CINCINNATI - A year ago, Cincinnati looked like the Queen City of the Wild West.
Shootings and gun crimes were up, and Police Chief Jeffrey Blackwell was about to get run out of Dodge.
A year later, there's a new chief in town, and shootings and gun crimes are down year over year from Jan. 1 to May 21 with Eliot Isaac in charge, according to crime statistics from the Cincinnati Police Department.
Mayor John Cranley called the numbers "historically low."
> Shooting victims are down 19 percent (from 161 to 130) with Districts 4 and 5 showing dramatic drops.
> Gun crimes are down 12 percent (from 741 to 631).
> Violent crimes are down 5 percent (from 822 to 777).
In fact, crime in Cincinnati is down in almost category.
"The first and most important reason is the leadership change we made in the fall - putting Chief Isaac in place," Cranley said.
SEE the crime report here or below.
Some numbers of note:
Is crime in Cincinnati going up or down?Infographic
Shootings and gun crimes:
> Gun homicide victims are the same (25).
> Aggravated assaults with a gun are down 17 percent (146 to 121).
> Robberies with a gun are down 15 percent (from 267 to 226).
> One category has gone up. Burglaries with a gun are up 27 percent (from 30 to 38).
City leaders say the numbers are promising as we head into summer.
"We're on the right course and we just need to stay the course," said Rev. Peterson Mingo.
Mingo, who works with the Cincinnati Human Relations commission outreach program, attributes lower crime to several police programs geared at curbing violence. He specifically cited Isaac's crime plan, PIVOT, or Place-Based Investigations of Violent Offender Territories,
Isaac's plan helped reverse an increase in shootings in the first two months of the year before PIVOT took effect.
"We've seen the results of it. Neighborhoods are more peaceful. Overall, I think we're in for a pretty peaceful summer," Mingo said.
Shootings went up in January and February from 42 in 2015 to 49 this year. At the time, police leaders said their place-based strategy would make headway against violent crime. PIVOT uses data-driven evidence to identify violent locations in the city and disrupt the networks of people who use those locations to perpetuate crime.
Has it worked?
Since March, there have been 40 fewer shooting victims for the same period last year (down from 121 to 81).
Shootings are down 24.5 percent in District 4 this year (from 53 to 40) and 30.6 percent in District 5 (from 36 to 25).
District 3, which moved its station to Westwood last fall, has the most shootings this year but still has shown a decrease with 43 - down from 45 last year (a 4.4 percent drop).
District 1 is down from 23.8 percent (from 21 to 16). District 2 is down 33.3 percent (from 9 to 6).
Shooting totals do not include police shootings, and homicide totals do not include vehicular homicides.
> All homicides are up a total of one (from 25 to 26).
> Rape is down 11 percent (from 99 to 88).
> Robbery is down 4 percent (from 451 to 433).
> Aggravated assaults are down 7 percent (from 247 to 230).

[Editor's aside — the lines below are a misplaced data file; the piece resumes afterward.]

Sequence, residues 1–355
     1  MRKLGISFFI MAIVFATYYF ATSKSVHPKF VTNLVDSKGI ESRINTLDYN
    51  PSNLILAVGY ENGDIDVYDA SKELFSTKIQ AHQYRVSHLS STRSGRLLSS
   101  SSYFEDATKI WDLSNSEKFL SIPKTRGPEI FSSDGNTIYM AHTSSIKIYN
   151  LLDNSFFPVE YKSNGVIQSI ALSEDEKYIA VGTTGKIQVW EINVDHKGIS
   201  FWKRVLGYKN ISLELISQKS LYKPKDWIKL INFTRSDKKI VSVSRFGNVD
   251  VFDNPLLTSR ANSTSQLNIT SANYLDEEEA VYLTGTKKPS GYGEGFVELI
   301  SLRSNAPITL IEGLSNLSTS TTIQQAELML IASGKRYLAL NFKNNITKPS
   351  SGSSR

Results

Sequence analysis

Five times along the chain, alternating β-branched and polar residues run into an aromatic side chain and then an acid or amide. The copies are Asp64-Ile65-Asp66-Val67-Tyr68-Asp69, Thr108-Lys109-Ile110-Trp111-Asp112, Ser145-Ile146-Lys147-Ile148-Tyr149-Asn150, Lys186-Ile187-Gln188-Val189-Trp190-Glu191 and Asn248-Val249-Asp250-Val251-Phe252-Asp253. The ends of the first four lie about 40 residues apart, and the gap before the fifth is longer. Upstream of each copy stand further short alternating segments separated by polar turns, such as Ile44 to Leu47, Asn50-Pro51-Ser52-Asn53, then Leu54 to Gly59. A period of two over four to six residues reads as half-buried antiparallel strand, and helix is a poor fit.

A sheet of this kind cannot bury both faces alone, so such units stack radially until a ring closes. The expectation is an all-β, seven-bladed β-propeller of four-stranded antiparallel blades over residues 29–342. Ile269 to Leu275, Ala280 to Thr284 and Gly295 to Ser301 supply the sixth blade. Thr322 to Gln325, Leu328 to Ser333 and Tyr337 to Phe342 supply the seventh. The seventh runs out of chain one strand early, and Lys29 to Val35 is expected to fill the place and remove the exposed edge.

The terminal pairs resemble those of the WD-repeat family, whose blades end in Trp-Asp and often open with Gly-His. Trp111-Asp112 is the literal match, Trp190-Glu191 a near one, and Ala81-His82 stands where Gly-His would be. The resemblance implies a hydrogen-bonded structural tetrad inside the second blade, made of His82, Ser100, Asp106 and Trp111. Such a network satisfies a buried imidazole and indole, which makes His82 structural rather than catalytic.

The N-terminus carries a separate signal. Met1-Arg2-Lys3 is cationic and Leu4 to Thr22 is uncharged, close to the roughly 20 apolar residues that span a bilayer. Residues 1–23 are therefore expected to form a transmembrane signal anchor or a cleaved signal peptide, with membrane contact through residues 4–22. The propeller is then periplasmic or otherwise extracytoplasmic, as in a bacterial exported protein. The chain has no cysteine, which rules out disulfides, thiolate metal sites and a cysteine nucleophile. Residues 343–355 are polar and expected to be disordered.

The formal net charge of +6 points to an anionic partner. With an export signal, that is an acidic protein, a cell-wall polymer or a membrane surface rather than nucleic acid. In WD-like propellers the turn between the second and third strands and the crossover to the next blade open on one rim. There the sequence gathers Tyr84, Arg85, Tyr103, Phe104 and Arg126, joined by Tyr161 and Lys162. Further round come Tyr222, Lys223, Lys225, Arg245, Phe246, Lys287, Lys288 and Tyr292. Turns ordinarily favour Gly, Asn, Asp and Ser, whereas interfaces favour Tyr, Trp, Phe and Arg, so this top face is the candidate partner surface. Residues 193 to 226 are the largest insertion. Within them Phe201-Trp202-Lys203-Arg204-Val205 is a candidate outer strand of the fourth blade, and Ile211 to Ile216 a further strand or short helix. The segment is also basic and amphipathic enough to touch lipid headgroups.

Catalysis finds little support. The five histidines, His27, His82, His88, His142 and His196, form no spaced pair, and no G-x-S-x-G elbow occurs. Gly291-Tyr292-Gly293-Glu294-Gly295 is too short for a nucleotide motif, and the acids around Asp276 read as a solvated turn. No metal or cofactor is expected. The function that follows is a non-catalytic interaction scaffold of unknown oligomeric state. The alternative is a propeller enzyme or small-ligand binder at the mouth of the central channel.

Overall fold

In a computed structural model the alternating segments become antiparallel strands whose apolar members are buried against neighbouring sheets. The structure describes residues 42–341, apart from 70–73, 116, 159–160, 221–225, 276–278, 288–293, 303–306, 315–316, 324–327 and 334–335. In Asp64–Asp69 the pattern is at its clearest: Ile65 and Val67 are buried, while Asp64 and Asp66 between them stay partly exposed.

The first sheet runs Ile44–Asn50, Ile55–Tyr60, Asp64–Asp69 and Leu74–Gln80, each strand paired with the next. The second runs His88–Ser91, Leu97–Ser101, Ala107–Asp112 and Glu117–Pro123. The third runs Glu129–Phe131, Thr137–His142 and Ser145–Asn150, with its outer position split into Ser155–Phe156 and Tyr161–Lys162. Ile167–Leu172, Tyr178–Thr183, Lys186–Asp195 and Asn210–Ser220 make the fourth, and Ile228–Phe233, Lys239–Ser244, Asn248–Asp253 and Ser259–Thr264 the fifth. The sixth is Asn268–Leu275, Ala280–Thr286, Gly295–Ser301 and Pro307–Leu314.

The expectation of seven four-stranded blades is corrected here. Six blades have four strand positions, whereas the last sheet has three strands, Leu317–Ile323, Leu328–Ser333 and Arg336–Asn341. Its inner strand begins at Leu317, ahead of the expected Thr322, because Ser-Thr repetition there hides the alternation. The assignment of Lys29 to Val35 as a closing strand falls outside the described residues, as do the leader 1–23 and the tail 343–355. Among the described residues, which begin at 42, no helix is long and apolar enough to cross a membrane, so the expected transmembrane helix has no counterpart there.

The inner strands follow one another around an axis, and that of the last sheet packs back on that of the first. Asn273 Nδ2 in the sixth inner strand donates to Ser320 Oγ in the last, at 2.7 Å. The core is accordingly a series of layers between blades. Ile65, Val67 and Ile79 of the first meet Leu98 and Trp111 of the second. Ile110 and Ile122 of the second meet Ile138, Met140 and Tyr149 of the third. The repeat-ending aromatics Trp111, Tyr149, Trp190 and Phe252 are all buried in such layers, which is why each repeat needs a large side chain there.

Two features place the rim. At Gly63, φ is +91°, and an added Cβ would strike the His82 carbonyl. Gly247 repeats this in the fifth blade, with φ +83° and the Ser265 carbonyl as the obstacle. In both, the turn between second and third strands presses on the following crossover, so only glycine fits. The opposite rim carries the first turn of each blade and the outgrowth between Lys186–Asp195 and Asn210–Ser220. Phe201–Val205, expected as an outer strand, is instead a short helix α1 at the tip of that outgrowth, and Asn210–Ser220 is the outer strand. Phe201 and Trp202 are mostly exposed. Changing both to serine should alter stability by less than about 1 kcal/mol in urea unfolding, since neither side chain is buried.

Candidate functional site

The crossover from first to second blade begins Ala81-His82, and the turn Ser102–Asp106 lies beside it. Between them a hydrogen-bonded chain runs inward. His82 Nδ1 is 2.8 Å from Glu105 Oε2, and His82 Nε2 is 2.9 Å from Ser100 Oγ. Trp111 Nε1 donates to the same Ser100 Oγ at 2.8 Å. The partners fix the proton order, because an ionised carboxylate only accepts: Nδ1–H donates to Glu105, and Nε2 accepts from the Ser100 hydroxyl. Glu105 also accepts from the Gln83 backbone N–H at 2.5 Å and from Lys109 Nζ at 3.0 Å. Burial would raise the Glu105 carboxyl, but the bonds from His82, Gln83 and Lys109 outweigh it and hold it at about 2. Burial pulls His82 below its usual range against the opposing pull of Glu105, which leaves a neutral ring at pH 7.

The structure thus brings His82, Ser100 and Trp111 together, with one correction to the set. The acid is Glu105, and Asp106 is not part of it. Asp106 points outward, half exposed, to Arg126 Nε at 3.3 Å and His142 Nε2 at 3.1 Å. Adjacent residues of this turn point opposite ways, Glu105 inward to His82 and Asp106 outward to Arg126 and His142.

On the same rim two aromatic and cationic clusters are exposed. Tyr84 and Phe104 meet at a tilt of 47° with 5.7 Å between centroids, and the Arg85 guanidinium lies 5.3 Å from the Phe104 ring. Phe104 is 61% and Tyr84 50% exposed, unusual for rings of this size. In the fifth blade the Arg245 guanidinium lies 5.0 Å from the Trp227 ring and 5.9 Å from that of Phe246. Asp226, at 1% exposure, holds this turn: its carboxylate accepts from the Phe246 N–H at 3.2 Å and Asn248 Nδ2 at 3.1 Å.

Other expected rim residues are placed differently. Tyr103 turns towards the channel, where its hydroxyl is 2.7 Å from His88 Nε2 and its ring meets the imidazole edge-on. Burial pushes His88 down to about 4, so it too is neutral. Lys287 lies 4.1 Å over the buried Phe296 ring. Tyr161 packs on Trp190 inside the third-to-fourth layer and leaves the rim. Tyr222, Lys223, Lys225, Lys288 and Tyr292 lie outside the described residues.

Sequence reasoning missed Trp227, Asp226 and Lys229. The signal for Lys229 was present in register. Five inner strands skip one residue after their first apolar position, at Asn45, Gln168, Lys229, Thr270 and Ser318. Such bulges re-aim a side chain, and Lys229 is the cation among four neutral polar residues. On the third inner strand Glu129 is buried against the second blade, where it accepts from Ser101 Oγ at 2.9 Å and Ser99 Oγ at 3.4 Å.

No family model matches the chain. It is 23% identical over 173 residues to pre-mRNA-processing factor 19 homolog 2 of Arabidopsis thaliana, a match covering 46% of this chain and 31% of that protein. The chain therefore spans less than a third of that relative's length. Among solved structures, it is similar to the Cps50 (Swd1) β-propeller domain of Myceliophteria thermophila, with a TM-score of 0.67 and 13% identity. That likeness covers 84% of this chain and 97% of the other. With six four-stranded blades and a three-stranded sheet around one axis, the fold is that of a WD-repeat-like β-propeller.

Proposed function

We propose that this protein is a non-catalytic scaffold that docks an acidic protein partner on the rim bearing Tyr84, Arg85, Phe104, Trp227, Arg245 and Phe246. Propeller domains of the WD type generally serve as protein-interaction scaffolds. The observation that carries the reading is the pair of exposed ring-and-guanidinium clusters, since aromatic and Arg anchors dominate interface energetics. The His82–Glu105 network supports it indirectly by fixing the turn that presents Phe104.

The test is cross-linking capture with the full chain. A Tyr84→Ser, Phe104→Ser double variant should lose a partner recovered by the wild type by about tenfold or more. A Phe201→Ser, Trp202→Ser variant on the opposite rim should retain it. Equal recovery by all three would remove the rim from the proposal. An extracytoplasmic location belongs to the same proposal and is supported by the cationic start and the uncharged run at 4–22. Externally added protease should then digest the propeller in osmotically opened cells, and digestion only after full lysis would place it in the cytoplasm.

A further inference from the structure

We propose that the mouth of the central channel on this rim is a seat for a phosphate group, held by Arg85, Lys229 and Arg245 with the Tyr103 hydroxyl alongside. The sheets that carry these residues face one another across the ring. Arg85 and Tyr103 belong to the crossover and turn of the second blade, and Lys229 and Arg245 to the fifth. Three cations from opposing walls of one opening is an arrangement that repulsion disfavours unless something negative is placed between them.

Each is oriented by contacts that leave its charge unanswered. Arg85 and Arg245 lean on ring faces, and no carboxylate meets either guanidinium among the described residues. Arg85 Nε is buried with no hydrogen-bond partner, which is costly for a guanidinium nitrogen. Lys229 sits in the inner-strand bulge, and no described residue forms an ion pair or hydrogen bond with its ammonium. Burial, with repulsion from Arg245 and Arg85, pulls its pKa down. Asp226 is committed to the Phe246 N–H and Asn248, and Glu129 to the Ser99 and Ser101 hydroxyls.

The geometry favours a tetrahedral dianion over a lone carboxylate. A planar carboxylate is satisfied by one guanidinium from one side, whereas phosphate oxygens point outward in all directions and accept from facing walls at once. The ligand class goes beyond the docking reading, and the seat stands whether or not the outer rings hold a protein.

> All property crimes are down 10 percent (from 5,968 to 5,389).
> Burglaries and breaking and entering are down 15 percent (from 1,575 to 1,345).
> Thefts from autos are down 15 percent (from 1,273 to 1,079).
> Personal/other theft are down 5 percent (from 2,742 to 2,597).
> Auto theft is down 3 percent (from 378 to 368).
Where's the most crime?
District 3, which moved its headquarters from East Price Hill, has the most violent crime and the most property crime, although property crime is down 18 percent and violent crimes are statistically the same as last year.
Elsewhere, violent crime is up in District 5, and property crime is up in District 1, and both types of crime are up in the Central Business District.
Here's a breakdown that shows violent crime and property crime in each district:
> District 1: Violent crime down 6 percent (107 to 101); Property crime up 22 percent (494 to 604).
> District 2: Violent crime down 21 percent (81 to 64); Property crime down 5 percent (972 to 924).
> District 3: Violent crime no change (245 to 244); Property crime down 18 percent (2,011 to 1,643).
> District 4: Violent crime down 19 percent (239 to 194); Property crime down 7 percent (1,095 to 1,018).
> District 5: Violent crime up 15 percent (131 to 151); Property crime down 21 percent (1.084 to 858).
> Central Business District: Violent crime up 21 percent (19 to 23); Property crime up 9 percent (312 to 340).
In the chief's annual crime report for 2015,Isaac and analysts from the city’s newly launched Office of Performance and Analytics showed how two categories of violent crime — rape and homicide — have steadily increased since 2011. By contrast, while aggravated assaults were up from 2014, they have steadily decreased over the last five years. Robberies have also showed steady decline in that time period.
Isaac was appointed interim chief when Blackwell was fired on Sept. 9. He was formally made chief on Dec. 10.
Mingo believes there's good collaboration between city leaders and community activists to steer people away from crime.
"We're seeing a lot of people who are tired. They're tired of being on the corners. They're tired of robbing people and then being robbed themselves. They're tired of being hopeless," Mingo said.